Bonds can solve a problem or create one, according to Paul Matlack, senior vice president, senior portfolio manager and fixed income strategist for Delaware Funds Macquarie Investment Management. “The days of making equity-like money out of bonds [are] gone,” Matlack said during a session at the Envestnet Advisor Summit on Thursday.
We’re still in an expansion phase, he noted, but economic soft data is much better than hard data.
The issue in the U.S. economy is excess labor, he added. “There’s a lot of labor sitting out this expansion, so that’s why wage rates have not really clicked up dramatically.”
The big growth driver, consumer spending, has been low as a result. Combined with flat corporate and government spending, the low-growth economy has persisted.
Bank lending is down as well, according to Matlack. “You’d think after eight years of expansion, you’d see loan losses clicking up, but no,” he said. The most recent quarterly reports from big banks have shown they’re releasing reserves back into their earnings, he said. “That tells me they’re not lending with the aggressiveness you would expect.”
Investor focus has shifted from the Fed to Congress and the president, which has made the Fed more comfortable increasing rates. Matlack expects the Fed will raise rates again in June, “and thereafter it’s going to be very data-dependent.”
He doesn’t see growth taking off unless the government can make some aggressive stimulus moves.
The economy is at an inflection point, Matlack said, “and you need the ability to move around. You need the ability to either get aggressive or get defensive, and it’s hard to say which way we’re going.”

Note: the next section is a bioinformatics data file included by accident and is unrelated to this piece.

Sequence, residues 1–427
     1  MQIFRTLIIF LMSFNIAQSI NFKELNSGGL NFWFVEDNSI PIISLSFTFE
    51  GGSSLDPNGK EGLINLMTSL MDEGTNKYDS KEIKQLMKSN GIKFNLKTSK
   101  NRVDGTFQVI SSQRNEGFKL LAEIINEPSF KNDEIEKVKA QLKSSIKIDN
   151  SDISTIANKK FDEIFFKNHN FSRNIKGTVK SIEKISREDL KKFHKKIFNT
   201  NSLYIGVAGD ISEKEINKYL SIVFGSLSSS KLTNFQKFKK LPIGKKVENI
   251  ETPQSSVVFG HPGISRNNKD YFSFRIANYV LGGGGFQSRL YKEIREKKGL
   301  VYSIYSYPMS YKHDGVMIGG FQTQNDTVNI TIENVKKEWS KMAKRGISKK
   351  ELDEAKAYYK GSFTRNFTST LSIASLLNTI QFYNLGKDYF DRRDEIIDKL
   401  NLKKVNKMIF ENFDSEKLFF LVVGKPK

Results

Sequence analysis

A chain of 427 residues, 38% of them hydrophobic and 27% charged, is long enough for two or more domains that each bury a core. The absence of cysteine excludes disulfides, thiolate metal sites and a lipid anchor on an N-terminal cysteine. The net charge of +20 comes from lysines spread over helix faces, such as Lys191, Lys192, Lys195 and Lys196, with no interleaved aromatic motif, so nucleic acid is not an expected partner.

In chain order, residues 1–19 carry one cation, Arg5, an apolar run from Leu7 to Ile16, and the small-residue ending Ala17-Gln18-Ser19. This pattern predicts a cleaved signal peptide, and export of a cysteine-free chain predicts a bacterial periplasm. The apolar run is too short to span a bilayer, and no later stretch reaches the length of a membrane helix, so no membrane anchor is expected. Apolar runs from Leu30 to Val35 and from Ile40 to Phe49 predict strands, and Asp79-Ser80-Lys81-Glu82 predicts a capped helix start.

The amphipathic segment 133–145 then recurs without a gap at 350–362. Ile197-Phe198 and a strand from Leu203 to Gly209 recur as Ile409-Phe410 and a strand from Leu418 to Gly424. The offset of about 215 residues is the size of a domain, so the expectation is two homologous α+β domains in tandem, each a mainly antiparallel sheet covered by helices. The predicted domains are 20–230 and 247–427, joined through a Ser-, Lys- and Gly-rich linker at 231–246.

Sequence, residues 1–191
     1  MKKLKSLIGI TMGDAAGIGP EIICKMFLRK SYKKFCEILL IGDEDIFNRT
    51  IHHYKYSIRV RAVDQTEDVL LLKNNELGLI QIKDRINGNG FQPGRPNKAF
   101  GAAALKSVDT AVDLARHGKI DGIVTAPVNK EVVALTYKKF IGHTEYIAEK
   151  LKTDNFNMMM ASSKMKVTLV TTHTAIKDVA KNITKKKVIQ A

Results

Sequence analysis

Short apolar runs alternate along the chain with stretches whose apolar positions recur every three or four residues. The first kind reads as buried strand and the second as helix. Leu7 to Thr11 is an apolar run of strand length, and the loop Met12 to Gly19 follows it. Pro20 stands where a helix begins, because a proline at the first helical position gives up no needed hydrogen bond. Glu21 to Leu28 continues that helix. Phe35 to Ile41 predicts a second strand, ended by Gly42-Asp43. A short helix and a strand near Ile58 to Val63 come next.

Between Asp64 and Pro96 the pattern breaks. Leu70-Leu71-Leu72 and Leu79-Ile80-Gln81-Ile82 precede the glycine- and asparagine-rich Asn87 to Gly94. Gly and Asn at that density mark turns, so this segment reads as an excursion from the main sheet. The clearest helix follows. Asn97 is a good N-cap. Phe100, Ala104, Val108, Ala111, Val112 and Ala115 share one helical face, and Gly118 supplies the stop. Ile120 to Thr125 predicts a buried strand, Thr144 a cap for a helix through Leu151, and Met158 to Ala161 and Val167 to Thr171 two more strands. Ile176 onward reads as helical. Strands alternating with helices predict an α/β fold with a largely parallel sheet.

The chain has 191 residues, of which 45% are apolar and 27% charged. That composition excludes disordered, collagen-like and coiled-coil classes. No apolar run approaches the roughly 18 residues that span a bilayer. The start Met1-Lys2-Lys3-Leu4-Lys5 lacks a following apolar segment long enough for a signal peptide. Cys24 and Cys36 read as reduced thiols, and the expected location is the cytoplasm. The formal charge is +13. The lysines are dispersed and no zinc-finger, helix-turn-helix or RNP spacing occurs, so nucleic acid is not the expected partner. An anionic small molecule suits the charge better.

Brian Pytlewski, senior vice president and director of municipal fixed income for RNC Genter Capital Management, had a mixed view of the interest rate environment.
On the plus side, municipal credit quality is very stable, he said. Last year, the S&P had just 1,800 rating actions, compared with 4,000 in 2009.
Ratios of bonds versus Treasuries are very attractive, according to Pytlewski, with Treasuries between 77% and 104%. ”Historically speaking, that’s a very attractive rate,” he said.
The Trump administration has been supportive of infrastructure upgrades, although the Treasury secretary has said health care and tax reform will be bigger goals, according to Pytlewski.
“What that tells me, and what that should tell you, is that traditional public finances are going to be a big part of getting this done.”
The impact of Puerto Rico’s bankruptcy should be fairly isolated, according to Pytlewski, although some clients may have some exposure that needs to be addressed. Puerto Rico declared bankruptcy with $52 billion in debt; by comparison, Detroit declared bankruptcy with $8 billion in debt.
Pension and OPEB liabilities are a drag on bond performance, according to Pytlewski. Furthermore, pension holders have been “regarded as sacrosanct” at bondholders’ expense, he said.
Jason Vassil, senior portfolio strategist at Deutsche Asset Management, noted it’s hard to make assumptions about interest rates because the current environment is so different from the past.
Vassil warned against listening to predictions about interest rates. Since 1981, economist predictions in the Livingston Survey have been wrong about the direction of interest rates about 95% of the time, he said.
Even small moves can impact portfolios in a big way when rates are low, Vassil said. He recommended the European high-yield market as an opportunity for clients.
“Everyone says, ‘I can’t invest in European high-yield; it’s too risky and the client doesn’t get it,’” but Vassil noted it has higher average credit quality than U.S, and the sector is up 23%.
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